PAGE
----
Petal and stamen formation in petunia is regulated by the homeotic gene fbp1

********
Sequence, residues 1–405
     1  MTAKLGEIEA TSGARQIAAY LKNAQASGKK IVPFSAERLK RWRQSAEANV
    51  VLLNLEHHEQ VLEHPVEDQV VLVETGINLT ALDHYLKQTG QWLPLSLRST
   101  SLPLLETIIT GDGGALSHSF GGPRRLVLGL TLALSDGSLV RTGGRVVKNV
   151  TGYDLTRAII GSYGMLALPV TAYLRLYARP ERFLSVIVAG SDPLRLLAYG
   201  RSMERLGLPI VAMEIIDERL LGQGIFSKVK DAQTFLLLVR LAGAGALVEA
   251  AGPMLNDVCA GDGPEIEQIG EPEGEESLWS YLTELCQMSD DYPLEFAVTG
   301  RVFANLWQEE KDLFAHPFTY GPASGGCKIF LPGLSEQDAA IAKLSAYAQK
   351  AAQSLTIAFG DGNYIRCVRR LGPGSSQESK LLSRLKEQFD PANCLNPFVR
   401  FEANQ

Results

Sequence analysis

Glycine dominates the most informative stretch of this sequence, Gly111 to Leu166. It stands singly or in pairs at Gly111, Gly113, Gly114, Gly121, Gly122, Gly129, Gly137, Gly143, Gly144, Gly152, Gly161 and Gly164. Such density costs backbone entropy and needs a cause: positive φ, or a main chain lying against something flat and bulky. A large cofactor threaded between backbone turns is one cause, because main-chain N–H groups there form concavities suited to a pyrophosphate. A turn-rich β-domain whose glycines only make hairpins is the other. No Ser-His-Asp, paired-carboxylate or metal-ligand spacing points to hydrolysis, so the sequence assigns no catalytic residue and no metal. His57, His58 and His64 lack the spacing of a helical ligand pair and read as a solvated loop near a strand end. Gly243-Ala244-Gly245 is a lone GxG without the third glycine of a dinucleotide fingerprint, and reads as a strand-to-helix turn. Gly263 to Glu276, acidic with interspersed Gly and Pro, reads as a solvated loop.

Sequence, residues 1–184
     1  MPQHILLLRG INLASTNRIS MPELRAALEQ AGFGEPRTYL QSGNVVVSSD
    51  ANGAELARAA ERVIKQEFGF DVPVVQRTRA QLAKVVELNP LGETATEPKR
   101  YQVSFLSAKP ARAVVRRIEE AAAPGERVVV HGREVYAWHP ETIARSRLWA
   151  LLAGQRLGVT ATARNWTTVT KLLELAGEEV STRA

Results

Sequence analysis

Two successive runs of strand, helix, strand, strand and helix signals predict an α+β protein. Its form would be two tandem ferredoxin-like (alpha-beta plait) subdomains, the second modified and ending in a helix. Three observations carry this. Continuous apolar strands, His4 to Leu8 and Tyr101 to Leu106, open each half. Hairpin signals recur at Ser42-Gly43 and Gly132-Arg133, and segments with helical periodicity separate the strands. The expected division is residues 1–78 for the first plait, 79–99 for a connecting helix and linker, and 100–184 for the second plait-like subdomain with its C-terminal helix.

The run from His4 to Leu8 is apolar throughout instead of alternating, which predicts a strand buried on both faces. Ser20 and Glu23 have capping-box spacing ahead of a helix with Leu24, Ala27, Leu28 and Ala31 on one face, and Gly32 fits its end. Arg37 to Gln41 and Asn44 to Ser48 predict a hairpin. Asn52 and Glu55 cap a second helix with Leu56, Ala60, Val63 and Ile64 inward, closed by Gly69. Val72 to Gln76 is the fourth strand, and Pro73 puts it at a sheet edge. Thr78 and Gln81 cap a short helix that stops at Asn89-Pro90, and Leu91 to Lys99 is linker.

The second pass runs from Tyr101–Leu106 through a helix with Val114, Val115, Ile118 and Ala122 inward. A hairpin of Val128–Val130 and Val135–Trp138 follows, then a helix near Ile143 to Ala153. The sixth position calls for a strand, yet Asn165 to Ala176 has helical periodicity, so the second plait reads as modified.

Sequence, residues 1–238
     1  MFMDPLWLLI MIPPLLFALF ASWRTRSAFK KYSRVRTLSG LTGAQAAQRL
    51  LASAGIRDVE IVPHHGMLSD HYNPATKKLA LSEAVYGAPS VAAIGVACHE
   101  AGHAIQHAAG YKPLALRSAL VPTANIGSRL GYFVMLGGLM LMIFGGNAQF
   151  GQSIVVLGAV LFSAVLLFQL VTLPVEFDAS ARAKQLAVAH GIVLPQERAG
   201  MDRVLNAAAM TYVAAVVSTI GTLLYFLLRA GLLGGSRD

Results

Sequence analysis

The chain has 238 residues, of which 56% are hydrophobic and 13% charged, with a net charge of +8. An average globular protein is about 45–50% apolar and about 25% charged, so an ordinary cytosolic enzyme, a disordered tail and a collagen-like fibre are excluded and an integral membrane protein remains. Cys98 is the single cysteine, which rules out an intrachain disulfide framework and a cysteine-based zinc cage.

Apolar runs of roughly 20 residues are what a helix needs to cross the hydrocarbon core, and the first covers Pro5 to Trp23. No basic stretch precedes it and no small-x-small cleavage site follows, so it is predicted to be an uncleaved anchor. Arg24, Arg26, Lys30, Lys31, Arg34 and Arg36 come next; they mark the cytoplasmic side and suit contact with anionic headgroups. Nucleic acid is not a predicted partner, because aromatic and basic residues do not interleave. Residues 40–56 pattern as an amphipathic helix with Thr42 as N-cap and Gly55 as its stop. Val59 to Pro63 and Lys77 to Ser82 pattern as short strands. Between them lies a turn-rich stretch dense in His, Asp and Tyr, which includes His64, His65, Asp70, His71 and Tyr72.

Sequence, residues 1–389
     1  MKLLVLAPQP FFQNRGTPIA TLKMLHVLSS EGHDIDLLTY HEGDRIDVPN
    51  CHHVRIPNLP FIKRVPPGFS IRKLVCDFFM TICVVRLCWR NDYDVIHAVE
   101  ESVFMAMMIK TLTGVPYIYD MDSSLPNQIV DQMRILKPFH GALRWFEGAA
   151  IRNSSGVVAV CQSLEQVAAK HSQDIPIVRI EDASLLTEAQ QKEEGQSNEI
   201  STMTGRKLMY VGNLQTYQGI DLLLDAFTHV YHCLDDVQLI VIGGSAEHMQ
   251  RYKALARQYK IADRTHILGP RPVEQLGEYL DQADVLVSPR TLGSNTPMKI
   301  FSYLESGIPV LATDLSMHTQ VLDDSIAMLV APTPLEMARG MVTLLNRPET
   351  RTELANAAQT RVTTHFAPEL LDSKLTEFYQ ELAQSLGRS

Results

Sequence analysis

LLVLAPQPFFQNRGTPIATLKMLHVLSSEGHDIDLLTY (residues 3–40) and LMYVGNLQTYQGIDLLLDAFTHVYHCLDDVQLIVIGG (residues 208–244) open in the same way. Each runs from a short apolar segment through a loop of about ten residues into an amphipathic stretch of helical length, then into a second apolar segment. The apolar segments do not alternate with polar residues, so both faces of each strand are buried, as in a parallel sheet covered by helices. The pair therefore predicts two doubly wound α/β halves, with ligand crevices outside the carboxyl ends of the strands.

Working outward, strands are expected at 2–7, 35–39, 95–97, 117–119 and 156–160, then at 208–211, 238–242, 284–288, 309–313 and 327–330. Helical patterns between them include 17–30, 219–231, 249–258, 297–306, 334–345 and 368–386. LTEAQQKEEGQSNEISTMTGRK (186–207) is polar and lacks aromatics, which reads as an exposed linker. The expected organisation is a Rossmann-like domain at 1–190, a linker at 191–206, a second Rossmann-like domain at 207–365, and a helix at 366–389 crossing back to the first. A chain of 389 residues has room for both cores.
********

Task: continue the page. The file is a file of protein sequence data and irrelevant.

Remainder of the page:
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For Arabidopsis and Antirrhinum, the so-called ABC model has been developed, which postulates that the determination of floral organ primordia is controlled by the action of three classes of homeotic genes. A number of these ABC genes encode putative transcription factors with the MADS box DNA binding motif. This paper reports on the functional analysis of the petunia MADS box gene fbp1. The temporal and spatial expression of fbp1 has been investigated in detail in transgenic plants containing the β-glucuronidase (GUS) reporter gene fused to an fbp1 promoter fragment. fbp1-driven GUS activity was specifically detected in emerging petal and stamen primordia, suggesting a function of fbp1 in the control of second and third floral whorl identity. To test this hypothesis, transgenic petunia plants were generated in which fbp1 expression was inhibited by a co-suppression approach. The flowers of such plants exhibited homeotic conversions of petals towards sepals and stamens towards carpels. Occasionally, the third whorl carpels are fused forming a pentalocular gynoecium. This dominant fbp1 mutation acted as a single Mendelian trait in genetic crosses. These results strongly indicate that fbp1 is a petunia class B homeotic gene which is required for the correct initiation and determination of petals and stamens.